In the 1990s, when gene therapy research was just beginning, none of the researchers imagined that plasmids would also have an application in the virtual world, in the metaverse that is so fashionable today. It turns out that in the video game “Bioshock” players can acquire new abilities by injecting plasmids into their bodies. The video game also refers to genetic recombination as a way to modify one’s own genetic structure. Although an anecdotal application, it is an effective way for children to understand how plasmids work and deserves to be mentioned.
The stability and ease of gene editing that plasmids present is what has made them so successful in the biotechnology industry.
On the other hand, the ability of plasmid DNA to stimulate our immune system is perfect for vaccine development. It turns out that, upon sensing the entry of foreign genetic material, our body activates cellular immunity (B and T cells) and in some cases our humoral response (antibodies) can also be activated. This stimulation of the immune response is one of the main advantages that DNA vaccines offer over traditional vaccines. They also eliminate the need to inject infectious agents, they are more stable at different temperatures, so they are easier to store and transport, and they can be manufactured on a large scale and relatively inexpensively. All these advantages have made it possible for DNA vaccines to be developed for various diseases, including several types of cancer and neurological diseases.
Another growing application is the use of plasmids for the production of almost anything. The synthesis of expression vectors is easier than ever and they can be designed for the production of antibodies, viral particles or even CRISPR/Cas elements. In addition, codon optimization can be performed to achieve better production. However, there are also drawbacks. While the immune response it triggers is a positive effect for some of its applications, it is not for all of them. Nor should we forget that it is a tool under development and that there are still logistical challenges in the production of plasmid DNA for clinical applications.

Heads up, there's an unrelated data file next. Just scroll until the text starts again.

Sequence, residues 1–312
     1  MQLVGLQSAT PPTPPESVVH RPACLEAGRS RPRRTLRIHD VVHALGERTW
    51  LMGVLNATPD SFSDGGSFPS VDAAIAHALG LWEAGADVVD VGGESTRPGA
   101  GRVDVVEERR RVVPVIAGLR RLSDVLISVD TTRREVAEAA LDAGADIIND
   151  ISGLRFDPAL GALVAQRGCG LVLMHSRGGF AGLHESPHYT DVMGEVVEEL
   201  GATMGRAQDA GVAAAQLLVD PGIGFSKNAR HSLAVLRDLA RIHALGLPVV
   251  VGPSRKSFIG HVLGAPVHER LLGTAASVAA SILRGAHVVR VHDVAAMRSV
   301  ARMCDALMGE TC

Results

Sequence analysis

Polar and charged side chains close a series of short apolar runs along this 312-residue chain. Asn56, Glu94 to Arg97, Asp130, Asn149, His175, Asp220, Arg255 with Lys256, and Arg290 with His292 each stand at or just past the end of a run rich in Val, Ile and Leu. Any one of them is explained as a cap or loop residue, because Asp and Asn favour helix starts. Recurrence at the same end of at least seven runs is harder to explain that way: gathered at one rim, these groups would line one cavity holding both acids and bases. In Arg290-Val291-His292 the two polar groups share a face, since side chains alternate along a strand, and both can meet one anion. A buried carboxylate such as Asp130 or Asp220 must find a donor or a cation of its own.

Demand is increasing, will it be possible to meet it?
It is clear that the stability and easy gene editing of plasmids is what has made them so successful in the biotechnology industry. They are fundamental tools for the development of biologic drugs and gene therapies. In fact, many plasmid DNA therapies are advancing rapidly in clinical development and are expected to be on the market in a very short time. Moreover, research into DNA vaccines, as well as personalized cell therapies, will further increase the demand for plasmid DNA. As a result of these advances, plasmid manufacturing capacity will have to increase exponentially. Such a high demand cannot be met by a single company. A whole business ecosystem will be needed. This network will have to be formed not only by manufacturing companies, but also by companies specialized in the manufacture of specific machinery for the production of plasmid DNA. This growing demand is more present than ever and the biotechnology industry will have to be prepared.
53Biologics is a CDMO with extensive experience in biologics production. The company offers end-to-end services for the biopharma industry, including process development, clinical manufacturing and analytical testing to support every step up to commercialization of biotherapeutics.
For more information on the company and its services, please visit 53Biologics.com.
Patricia De La Madrid
Marketing & Business Development Manager at 53Biologics